“The CPC also had a nylon factory, as a subsidiary. We built our own nylon thread fish nets. By-products of the refinery were used as pesticides and insecticides for our pineapple and flower production. Those factories were closed, too. We had a candle industry from the by-products, we produced lubricant oil. It was sold to American Caltex. Refinery produced fuel for airplanes. It has the capacity to sell USD 1.4 million worth airplane fuel per day. We can buy crude oil, refine, and sell to ships. These are opportunities we must use to earn foreign currency. Recently this section of the CPC was privatized,” he said.

The ruling class has failed to secure even the most important assets, he said. Agriculture, land, gems, ilmenite, our natural resources, so will these rulers protect what is left, he asked.

“They have absolutely no plan to build this country. Selling our resources, closing down factories and selling valuable machinery is what they know. Every government has taken part in the destruction of the refinery. This is why we need a change in the economy. We need to transform our economy. Only NPP can do that,” he said.

The NPP leader said that the existing constitution concentrates too much power in the hands of the executive president. Sri Lanka has had this executive presidential system for 40 years and executive power was used against the people, repressing them.

“Our economy was destroyed. It has done no good to this country. One man cannot develop the country. Individuals have capacities and limitations. We need to unite our capabilities to govern this country. It’s a collective effort and the NPP is the only party to undertake it. That’s the point of difference. There are talented people from all fields like history, economy, mathematics, law and so on. There are lawyers, university academics and professionals. The government has to unite these capacities and talents to bring optimum results for the country. NPP will do that. For that we have to abolish executive presidency and rewrite the constitution vesting more powers in the Parliament. We will bring about this change,” he said.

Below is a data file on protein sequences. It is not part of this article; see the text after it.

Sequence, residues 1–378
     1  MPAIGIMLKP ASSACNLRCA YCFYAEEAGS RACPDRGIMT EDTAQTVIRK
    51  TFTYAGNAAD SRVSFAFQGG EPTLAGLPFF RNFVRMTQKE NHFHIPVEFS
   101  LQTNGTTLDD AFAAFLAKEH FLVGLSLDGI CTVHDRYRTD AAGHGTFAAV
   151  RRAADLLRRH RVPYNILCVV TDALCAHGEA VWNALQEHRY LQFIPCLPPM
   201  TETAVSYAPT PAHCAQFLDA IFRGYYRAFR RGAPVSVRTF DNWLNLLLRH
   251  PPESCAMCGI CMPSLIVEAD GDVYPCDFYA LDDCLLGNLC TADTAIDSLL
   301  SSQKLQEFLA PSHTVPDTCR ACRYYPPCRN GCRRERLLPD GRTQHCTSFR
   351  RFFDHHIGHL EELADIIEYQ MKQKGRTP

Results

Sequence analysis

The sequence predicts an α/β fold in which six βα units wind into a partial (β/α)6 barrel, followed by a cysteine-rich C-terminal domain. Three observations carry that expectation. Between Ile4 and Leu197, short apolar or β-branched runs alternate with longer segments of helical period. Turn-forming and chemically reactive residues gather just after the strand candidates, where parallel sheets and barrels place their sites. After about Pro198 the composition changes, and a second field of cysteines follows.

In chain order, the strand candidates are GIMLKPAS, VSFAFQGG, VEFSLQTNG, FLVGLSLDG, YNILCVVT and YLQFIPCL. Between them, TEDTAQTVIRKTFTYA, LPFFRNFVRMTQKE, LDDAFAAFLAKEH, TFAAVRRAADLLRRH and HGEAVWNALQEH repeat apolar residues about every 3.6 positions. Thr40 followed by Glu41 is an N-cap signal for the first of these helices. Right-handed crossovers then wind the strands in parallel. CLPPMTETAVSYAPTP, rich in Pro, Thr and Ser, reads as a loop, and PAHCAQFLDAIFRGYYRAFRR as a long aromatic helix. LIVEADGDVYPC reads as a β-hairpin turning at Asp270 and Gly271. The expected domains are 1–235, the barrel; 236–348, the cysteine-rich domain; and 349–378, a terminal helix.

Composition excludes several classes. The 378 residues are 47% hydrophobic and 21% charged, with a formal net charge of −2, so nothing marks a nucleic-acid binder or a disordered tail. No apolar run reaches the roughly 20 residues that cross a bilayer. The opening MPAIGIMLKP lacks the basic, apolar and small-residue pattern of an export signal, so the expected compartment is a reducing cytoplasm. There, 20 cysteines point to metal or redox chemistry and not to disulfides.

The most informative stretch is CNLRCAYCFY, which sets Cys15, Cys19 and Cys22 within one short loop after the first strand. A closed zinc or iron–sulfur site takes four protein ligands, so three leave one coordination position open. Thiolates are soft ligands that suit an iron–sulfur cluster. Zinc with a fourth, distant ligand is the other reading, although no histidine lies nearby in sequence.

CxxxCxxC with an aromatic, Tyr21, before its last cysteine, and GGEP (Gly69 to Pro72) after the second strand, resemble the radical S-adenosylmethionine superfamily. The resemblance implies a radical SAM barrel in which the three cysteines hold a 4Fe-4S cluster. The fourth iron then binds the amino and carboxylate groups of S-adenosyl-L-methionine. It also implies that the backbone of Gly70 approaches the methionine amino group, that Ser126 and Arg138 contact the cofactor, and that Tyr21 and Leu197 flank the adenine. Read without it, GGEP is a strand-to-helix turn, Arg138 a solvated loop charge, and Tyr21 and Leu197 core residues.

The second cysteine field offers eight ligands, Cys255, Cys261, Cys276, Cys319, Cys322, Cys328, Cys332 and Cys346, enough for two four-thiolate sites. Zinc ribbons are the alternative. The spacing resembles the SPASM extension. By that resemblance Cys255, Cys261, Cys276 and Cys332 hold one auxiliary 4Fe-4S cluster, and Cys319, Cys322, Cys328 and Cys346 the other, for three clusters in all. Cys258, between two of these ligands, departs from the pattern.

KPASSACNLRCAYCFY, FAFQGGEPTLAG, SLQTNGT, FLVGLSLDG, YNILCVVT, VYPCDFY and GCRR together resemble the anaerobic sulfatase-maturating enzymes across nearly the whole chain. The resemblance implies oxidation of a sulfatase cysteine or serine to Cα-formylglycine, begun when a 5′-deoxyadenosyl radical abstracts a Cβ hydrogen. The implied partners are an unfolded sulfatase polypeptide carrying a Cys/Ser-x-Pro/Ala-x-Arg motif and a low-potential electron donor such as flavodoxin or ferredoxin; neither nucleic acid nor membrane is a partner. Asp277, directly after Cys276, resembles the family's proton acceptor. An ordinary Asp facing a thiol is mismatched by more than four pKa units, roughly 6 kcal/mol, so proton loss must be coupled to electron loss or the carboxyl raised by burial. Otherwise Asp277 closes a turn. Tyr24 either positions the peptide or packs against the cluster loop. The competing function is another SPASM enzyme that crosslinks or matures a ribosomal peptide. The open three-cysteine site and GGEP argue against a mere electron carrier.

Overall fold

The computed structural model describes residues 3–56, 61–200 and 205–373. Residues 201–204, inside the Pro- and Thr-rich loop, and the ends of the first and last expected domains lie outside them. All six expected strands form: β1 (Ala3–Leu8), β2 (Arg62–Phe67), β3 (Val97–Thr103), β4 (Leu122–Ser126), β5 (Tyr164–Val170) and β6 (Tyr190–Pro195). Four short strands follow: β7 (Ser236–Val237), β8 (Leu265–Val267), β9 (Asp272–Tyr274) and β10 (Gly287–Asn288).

Dissanayake said an NPP administration will limit the number of Ministers to 18. He added that crossovers have distorted the democratic system and corrupted the political culture.

“People vote for them in one party but for money and positions they change political allegiance. This has become a public nuisance. Some MPs demand ransom to stay in the party. We will add a provision to the Constitution to ban crossing over,” he said.

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JVP: Where are President’s influential foreign friends?

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By Rathindra Kuruwita 

President Ranil Wickremesinghe, who assumed duties, claiming that he had very influential friends overseas, now claims he can hardly afford to pay government servants, National People’s Power (NPP) MP Vijitha Herath says.

“If anything, things are worse than before. The government is afraid of the people and is trying to postpone elections,” Herath said, adding that the March 09 local council election would mark the beginning of the end for the Ranil-Rajapaksa administration.

Herath said so addressing an NPP election rally recently.

 “They will no longer be able to pretend that the people are with them. Not that they have any legitimacy, locally or internationally, but the level of their unpopularity will be seen on 10 March,, when the poll results are announced” he said.